Madagascar celebrates International Women’s Day on March 8 and it is a declared national holiday but only for the women work force.
Malagasy people, mainly women, celebrate it in various ways, according to the area they belong to and their respectivecircumstances. However, the objective remains the same that is to fight for their rights and to strive to advance in life. Every year, the Ministry of Population and Social Affairs opts an area of celebration where carnivals and other activities related to environment and development take place. Often the capital city of Madagascar, Antananarivo is chosen to hold numerous demonstrations and gatherings regarding women empowerment to mark this day. Also rural Malagasy women dressed in lambaoany march processions through village streets dancing and celebrating.
Some remote rural areas like Sakalava are the poorest in Madagascar. Often women of these areas are naturally excluded from development programmes targeted to uplift Malagasy women. Many women’s associations like The Women's Association of Ampasindava, work day and night to educate the illiterate Malgasy women by reaching out to the remotest of areas. On Women’s Day they hold parades and awareness programs to educate them. On 2013’s Women’s day celebration, this association paraded through the villages to educate the local community about the importance of protection of endangered marine animals like sea-turtles and sharks.
Women in Madagascar enjoy a liberal and helping society. This is mainly because all ill treatment and backward thoughts are strongly criticised and discouraged by its constitution. The only drawback of the Malagasy law is it requires women to be of only 14 years of age before they get married, which is lower than the minimum age of men. Before 18 years of age parental consent is required but after 18 years of age women must give their own consent. Their culture is traditionally patriarchal.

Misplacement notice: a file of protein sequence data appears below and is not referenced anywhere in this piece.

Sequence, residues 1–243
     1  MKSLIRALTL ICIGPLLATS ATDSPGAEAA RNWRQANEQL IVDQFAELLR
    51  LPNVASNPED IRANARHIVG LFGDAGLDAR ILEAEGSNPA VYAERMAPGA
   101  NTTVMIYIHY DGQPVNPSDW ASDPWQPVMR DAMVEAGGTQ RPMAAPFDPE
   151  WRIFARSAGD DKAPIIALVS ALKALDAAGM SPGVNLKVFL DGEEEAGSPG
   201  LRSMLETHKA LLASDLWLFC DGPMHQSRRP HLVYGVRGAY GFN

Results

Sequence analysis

Malagasy women have a higher life expectancy than men, with an average of 61.3 years compared to 57.7 for men as per 2010 estimates. Also women population in Madagascar is more than that of men population; women mass formed 50.3 percent of the country’s populationas per 2010 figures.The maternal death figures here is low and it is decreasing with every passing year.
Women in Madagascar are constitutionally equal to men, yet they have unequal property rights and employment prospects in certain areas. The Organisation for Economic Co-operation and Development (OECD)remarks that there have been numerous reports of discrimination in legacy law which continues till today. As per the Madagascar constitution women have equal ownership rights. They are allowed to possess their own businesses and are not required to takeconsentof their husband to acquire land. However in certain locations along the east coast of Madagascar women in some instances are unable to own land.
Gender based discrimination is forbidden by the Constitution of Madagascar. However gender differences in resource use patterns, admittance to land, labour, capital, outside income, and education are quite prevalent here. Involvement of women in natural resource use is hardly everaccredited and they receive very little remuneration.